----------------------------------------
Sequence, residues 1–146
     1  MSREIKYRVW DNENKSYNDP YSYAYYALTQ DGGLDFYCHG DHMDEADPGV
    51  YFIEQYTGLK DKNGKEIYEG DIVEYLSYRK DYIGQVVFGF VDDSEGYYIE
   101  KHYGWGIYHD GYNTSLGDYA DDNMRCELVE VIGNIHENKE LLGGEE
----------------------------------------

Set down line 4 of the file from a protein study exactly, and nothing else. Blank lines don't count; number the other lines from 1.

   101  KHYGWGIYHD GYNTSLGDYA DDNMRCELVE VIGNIHENKE LLGGEE